Bearing in mind all of that, the USPTO considered that there is a possibility of consumer confusion between both trademarks. It was decided that the parody defense claim is not allowed because the marks did not have any difference in the eyes of the possible consumer and did not carry the necessary conditions for the parody claim to be valid.

Source: Ankara Patent Bureau – Cansu ÇATMA BİLEN and Önder Erol Ünsal for Lexology.

Louis Vuitton won an important lawsuit in the EU regarding one of its well-known trademarks

The General Court of the European Union has ruled out in the case T‑105/19, Louis Vuitton Malletier v Norbert Wisniewski.

It is an interesting case which concerns the following registered by Louis Vuitton figurative European trademark for class 18 ( boxes of leather or imitation leather, trunks, suitcases, traveling sets (leatherware), traveling bags, luggage, garment bags for travel, hat boxes of leather, vanity cases (not fitted), toiletry bags (empty), backpacks, satchels, handbags, beach bags, shopping bags, shoulder-strap bags, carrier bags, shoulder bags, waist bags, purses, attaché cases, briefcases (leatherware), school bags, document holders, clutch bags, wallets, change purses, key cases, card cases (wallets), umbrellas, sunshades):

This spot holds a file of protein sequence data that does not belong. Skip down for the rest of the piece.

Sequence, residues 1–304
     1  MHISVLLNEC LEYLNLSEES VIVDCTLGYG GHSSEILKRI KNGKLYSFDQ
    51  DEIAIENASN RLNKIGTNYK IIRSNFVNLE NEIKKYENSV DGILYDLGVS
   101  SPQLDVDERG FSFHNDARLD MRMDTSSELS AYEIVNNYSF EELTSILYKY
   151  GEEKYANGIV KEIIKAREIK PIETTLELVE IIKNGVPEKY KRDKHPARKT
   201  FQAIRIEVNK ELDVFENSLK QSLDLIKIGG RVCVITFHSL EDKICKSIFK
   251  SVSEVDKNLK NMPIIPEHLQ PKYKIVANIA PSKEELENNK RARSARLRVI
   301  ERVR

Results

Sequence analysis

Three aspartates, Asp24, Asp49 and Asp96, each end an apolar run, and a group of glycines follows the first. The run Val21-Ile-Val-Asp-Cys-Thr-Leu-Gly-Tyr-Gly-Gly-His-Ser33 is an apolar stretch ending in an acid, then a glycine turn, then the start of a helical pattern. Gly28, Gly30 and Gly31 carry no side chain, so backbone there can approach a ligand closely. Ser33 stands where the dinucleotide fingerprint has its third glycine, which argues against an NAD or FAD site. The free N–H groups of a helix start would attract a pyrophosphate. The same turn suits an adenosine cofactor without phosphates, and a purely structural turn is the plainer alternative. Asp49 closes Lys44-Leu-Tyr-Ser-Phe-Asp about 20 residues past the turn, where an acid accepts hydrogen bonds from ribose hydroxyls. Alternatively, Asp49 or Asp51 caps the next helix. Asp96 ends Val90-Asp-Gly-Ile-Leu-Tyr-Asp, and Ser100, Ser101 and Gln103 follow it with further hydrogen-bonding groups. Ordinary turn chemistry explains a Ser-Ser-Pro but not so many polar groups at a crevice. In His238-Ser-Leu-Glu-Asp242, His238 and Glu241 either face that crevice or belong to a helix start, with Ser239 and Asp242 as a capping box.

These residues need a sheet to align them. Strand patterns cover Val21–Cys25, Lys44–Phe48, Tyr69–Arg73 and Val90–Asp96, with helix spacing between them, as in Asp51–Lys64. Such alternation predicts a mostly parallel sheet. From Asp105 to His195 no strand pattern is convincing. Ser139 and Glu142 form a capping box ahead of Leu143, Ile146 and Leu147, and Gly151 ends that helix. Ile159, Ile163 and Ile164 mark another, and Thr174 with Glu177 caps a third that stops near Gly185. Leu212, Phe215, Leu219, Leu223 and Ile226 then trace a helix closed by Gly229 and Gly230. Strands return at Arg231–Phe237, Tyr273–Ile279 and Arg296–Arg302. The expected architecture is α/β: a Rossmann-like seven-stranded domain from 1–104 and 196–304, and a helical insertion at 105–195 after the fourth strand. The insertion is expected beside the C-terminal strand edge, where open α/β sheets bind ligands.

Against this mark, an application for invalidity was filed by the Polish company Norbert Wisniewski based on absolute grounds – lack of distinctiveness.

The EUIPO concluded that the mark represents a checkerboard pattern in beige-black, which is an everyday pattern widely used by many.

Louis Vuitton appealed claiming that EUIPO erred in its conclusions not paying attention to important evidence.

The Court confirmed that the above mentioned pattern has low distinctive character.

However, the Court agreed that the EUIPO made some mistakes when assessing the pieces of evidence regarding the acquired distinctiveness related to the mark.

As it is well-known, evidence for acquired distinctive character over a trademark has to cover the territory of the entire EU.